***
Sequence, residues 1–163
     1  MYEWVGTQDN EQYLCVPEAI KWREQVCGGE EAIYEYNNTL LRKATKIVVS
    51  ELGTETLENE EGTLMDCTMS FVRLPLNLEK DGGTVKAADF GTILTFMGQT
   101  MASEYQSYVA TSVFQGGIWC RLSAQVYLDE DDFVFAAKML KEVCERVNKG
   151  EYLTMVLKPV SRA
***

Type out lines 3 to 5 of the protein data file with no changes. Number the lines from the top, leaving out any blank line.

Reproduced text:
    51  ELGTETLENE EGTLMDCTMS FVRLPLNLEK DGGTVKAADF GTILTFMGQT
   101  MASEYQSYVA TSVFQGGIWC RLSAQVYLDE DDFVFAAKML KEVCERVNKG
   151  EYLTMVLKPV SRA